Notably, one Sairoon Alliance candidate is Dr. Jawad al-Musawi, the director of the Imam Ali Hospital in Sadr City.
Dhiaa al-Asadi, the director of Sadr’s political office, told Al-Monitor that the list is "a reform project that represents the hopes and expectations of deprived and less advantaged people. This project of Sairoon constitutes a paradigm shift and a departure from the established norms that have characterized the political process since 2003." Asadi said the alliance aims to "rescue Iraq."
He said that to do so, the new government would need to "enforce the rule of law, activate good governance measures such as accountability, transparency, openness and so on. But before these measures, corrupt people should be brought to justice and sent to court for trial." He also called for abolishing the ethnic and sectarian quota system and for building institutions based on qualification and integrity, with a dependence on capable technocrats.
Much of the media used to refer to Sadr as a "firebrand," while now the epithet applied to him is "populist."
Roughly two years ago, Sadr’s supporters stormed the highly fortified Green Zone and pushed into the Iraqi parliament to protest stalled reforms that were aimed at reducing corruption; his supporters have long led Friday protests in Baghdad’s Tahrir Square.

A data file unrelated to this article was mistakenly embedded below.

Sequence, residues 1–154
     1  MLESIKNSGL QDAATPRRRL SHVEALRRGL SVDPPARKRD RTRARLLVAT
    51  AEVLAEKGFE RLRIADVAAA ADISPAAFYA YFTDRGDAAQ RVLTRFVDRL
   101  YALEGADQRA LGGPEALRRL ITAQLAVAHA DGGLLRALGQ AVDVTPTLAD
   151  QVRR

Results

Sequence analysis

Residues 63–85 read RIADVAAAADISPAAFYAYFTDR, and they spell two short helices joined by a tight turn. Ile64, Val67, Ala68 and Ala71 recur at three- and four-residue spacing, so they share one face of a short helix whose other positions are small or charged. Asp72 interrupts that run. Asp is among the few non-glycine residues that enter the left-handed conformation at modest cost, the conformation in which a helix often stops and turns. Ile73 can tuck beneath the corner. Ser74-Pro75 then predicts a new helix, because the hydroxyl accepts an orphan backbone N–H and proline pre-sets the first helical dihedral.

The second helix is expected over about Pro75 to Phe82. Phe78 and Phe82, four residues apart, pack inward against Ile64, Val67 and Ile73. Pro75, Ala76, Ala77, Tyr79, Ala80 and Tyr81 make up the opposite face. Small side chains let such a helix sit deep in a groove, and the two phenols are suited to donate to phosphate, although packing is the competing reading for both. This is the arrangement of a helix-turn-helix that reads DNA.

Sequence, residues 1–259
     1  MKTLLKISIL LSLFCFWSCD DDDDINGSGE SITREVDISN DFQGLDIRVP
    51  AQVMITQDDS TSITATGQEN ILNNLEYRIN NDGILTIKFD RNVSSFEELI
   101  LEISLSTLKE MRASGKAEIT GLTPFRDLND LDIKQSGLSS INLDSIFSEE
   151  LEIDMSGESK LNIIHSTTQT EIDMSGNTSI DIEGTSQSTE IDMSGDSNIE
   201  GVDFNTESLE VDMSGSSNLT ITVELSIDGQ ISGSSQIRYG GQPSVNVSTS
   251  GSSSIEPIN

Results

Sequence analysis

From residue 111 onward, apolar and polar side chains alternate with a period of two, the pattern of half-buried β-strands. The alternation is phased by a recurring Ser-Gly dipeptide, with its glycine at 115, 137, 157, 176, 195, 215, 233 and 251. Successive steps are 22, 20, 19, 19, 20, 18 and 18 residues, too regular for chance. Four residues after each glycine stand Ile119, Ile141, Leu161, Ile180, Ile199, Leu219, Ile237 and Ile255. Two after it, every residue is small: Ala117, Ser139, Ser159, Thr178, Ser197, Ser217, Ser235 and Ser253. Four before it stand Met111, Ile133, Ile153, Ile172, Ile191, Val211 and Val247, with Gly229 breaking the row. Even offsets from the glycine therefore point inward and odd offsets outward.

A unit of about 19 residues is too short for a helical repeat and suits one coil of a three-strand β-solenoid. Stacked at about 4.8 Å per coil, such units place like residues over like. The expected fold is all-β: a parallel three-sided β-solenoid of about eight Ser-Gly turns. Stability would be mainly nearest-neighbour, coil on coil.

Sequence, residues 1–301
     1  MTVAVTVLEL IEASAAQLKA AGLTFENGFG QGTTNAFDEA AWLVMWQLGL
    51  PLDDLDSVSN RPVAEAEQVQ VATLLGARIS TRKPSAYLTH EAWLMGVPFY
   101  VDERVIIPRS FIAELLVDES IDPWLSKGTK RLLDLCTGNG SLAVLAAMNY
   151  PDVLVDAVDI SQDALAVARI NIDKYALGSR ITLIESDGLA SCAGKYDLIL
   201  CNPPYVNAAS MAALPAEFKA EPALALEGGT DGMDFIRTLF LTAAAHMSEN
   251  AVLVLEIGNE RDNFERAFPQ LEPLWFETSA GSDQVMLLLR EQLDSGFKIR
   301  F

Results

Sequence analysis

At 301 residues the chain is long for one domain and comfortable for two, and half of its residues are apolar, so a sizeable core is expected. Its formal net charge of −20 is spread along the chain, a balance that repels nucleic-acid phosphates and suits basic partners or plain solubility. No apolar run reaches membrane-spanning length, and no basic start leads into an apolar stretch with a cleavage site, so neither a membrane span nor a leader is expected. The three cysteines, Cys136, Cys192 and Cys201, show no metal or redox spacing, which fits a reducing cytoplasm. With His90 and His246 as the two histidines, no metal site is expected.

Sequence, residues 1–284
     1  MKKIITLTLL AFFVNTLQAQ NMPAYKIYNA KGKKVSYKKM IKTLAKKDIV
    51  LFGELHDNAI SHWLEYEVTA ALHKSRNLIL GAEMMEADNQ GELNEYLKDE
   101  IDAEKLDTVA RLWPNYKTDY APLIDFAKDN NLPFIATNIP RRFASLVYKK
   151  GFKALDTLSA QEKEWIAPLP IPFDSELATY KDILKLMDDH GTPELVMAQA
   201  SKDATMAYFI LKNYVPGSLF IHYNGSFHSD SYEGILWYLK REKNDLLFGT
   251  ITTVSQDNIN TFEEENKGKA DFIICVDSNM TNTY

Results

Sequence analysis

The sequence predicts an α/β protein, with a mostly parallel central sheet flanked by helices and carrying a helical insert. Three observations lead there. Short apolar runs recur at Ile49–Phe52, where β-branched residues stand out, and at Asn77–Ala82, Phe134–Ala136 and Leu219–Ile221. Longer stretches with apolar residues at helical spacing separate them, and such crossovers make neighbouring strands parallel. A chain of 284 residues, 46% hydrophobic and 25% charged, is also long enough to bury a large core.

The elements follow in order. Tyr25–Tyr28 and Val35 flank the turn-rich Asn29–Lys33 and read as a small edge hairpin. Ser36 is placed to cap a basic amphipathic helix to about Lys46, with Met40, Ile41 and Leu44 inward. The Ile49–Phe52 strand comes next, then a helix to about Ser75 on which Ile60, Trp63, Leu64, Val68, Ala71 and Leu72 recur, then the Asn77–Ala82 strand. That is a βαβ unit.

Over the years, this Al-Monitor reporter has found that Sadr enjoys cross-sectional support in various unexpected places, such as among some Patriotic Union of Kurdistan officials in Tuz Khormato in 2016.
And unlike other leaders of the Popular Mobilization Units (PMU), Sadr has forcefully stated that the Syrian people have the right to protest and that no Iraqis should be fighting across the border.
Many of the Iran-linked PMUs were originally splinter groups from Sadr’s Jaish al-Mahdi, or Mahdi Army, formed after the US invasion in 2003. Sadr officially disbanded the militia in 2008, transitioning most of the fighters into social activities. In 2014, he reconstituted it in part under the name of Saraya al-Salam (Peace Brigades), which claims to focus on protecting the rights of the disadvantaged and fighting IS.